Research your phone's travel capabilities.
Make a call to your cell phone company and discuss your options. I've found it worth the expense to purchase a travel calling plan when spending time abroad. Text messages and downloading any kind of data will quickly add up without a travel plan. Double check your phone settings and turn off "data fetch" for any programs on your phone that update on their own (i.e. Facebook). This will conserve your data until it's needed.
Brush up on the local language. You can test your skills using an app on your phone such as Duolingo or Google Translate. Don't underestimate a good old fashioned phrase book to get you through simple interactions. Familiarize yourself with the basics beforehand such as, "Hello," "Good-bye," "Excuse me," "My name is _____," "Nice to meet you," "Please," "Thank you," and "Where is the restroom?" to use as you go about your trip.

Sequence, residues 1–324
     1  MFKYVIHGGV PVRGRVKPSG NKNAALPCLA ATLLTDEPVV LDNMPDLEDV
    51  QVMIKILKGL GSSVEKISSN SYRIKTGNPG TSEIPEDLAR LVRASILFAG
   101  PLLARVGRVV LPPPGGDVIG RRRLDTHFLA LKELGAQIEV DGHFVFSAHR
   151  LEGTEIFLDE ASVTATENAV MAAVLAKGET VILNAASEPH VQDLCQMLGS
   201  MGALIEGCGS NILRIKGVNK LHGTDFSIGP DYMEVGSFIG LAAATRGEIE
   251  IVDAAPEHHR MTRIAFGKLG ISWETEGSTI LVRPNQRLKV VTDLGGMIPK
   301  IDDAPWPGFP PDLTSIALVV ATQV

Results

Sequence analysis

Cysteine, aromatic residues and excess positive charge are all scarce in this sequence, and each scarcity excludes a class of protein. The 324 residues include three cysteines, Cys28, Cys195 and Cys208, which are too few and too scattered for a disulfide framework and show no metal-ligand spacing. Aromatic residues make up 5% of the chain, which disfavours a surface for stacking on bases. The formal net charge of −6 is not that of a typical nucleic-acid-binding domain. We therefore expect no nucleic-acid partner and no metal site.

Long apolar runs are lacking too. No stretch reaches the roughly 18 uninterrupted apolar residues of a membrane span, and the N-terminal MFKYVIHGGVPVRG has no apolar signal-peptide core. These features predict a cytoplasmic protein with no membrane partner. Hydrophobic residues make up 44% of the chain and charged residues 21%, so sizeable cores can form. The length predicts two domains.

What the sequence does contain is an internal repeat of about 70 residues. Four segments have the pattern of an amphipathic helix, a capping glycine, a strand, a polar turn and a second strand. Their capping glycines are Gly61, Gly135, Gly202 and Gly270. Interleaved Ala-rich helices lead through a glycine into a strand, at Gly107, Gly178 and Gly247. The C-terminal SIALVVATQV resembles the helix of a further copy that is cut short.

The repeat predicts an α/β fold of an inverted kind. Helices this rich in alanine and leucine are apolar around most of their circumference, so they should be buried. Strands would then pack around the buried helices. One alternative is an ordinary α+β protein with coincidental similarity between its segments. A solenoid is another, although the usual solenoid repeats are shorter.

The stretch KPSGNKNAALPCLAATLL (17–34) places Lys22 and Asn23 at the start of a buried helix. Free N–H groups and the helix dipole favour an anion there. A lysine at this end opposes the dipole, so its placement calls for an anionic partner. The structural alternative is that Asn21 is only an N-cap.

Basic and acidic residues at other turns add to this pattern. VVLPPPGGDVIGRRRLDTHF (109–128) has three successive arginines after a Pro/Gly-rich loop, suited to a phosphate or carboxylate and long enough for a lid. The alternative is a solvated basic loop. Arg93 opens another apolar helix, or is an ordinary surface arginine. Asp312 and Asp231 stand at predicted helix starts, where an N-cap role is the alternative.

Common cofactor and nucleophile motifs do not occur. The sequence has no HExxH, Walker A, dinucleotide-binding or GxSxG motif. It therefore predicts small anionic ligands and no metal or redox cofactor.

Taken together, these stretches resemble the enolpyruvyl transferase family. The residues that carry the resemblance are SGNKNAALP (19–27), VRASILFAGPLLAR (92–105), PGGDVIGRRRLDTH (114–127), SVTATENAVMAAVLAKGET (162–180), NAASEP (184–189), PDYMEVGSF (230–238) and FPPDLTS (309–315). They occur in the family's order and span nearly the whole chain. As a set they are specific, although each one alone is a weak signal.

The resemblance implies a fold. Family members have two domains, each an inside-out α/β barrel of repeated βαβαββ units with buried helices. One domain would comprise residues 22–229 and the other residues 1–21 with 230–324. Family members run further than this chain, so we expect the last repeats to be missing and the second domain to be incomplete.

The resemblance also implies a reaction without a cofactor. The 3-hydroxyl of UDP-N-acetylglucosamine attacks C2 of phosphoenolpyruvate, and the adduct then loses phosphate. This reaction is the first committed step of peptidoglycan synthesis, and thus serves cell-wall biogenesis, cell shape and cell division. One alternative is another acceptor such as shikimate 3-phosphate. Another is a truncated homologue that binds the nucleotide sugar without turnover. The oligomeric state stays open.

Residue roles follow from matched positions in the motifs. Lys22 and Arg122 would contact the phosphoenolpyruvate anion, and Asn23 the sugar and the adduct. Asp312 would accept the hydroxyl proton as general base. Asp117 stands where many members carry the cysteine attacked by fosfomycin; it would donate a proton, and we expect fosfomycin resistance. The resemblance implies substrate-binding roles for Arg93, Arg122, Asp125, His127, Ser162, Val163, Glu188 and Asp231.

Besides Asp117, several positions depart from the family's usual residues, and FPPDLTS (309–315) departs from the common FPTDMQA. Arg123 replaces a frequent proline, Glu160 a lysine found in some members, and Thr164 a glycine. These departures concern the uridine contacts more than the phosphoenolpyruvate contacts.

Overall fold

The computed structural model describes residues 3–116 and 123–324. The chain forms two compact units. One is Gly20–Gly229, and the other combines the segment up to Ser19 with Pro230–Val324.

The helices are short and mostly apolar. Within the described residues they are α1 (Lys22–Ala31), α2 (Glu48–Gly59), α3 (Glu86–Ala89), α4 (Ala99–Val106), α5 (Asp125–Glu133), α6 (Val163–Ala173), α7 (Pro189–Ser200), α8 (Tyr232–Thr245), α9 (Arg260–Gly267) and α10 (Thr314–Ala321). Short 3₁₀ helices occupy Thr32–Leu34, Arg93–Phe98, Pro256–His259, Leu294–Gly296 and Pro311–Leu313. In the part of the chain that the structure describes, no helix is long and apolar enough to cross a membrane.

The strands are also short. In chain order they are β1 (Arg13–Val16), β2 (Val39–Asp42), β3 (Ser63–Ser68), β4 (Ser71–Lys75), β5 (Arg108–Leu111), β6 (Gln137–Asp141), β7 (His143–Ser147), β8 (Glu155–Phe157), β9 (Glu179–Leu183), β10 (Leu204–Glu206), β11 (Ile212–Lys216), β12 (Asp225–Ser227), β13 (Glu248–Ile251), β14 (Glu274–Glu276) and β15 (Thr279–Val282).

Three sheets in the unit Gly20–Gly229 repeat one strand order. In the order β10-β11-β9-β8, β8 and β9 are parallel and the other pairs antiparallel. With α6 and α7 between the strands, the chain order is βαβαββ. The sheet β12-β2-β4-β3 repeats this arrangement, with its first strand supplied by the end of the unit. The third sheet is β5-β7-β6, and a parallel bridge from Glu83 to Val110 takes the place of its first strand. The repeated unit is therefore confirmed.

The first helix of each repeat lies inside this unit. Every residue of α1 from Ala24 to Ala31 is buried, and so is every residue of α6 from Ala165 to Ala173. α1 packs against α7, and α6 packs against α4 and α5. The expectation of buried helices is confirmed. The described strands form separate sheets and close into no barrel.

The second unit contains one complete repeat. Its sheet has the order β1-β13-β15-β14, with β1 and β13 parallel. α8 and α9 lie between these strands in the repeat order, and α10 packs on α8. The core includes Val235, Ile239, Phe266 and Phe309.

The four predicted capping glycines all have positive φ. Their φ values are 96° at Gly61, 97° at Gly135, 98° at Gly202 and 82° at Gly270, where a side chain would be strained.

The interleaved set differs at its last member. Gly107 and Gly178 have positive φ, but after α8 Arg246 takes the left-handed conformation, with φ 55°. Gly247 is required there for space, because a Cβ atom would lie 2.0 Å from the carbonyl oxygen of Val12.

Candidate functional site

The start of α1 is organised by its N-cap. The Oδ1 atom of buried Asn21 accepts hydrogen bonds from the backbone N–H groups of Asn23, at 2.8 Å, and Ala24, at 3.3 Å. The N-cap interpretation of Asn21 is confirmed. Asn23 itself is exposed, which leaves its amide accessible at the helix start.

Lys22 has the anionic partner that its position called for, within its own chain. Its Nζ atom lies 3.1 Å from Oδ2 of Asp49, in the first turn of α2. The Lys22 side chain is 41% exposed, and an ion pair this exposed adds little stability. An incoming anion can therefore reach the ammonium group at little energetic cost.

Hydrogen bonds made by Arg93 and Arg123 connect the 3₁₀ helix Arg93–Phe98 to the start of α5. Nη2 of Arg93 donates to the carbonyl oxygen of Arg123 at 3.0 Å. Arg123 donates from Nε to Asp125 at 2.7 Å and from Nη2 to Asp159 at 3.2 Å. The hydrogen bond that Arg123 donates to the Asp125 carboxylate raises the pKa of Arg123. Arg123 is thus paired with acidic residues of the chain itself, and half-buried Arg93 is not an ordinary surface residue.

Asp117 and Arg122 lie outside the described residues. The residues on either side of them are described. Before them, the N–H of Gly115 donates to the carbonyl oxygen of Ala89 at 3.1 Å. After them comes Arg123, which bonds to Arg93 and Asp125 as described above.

Photograph your luggage. Anyone who has had the unfortunate experience of losing their luggage can attest that trying to describe to an airport representative what your luggage looks like (i.e. black with wheels) can be vague. A baggage claim ticket is useful, but often lost during the flight and numerous layovers. Make an effort to attach something notable to your suitcases and take a picture of your baggage with your cell phone. Now you can easily identify your luggage in the sea of black bags.
Do your homework. Cultural customs differ from country to country, and it's always prudent to be prepared before you arrive. For example, some countries encourage tipping while others do not. Some regions are close communicators while others are more reserved. It's in your best interest to know something about the culture, etiquette, religion, business values, and particular communication styles before landing on foreign soil.
TTI Travel International Trade Fair Travel Tips
Taking care of details before you depart can make the difference between a smooth trip and a traveling nightmare. Here are a few first steps to get you started on the right foot: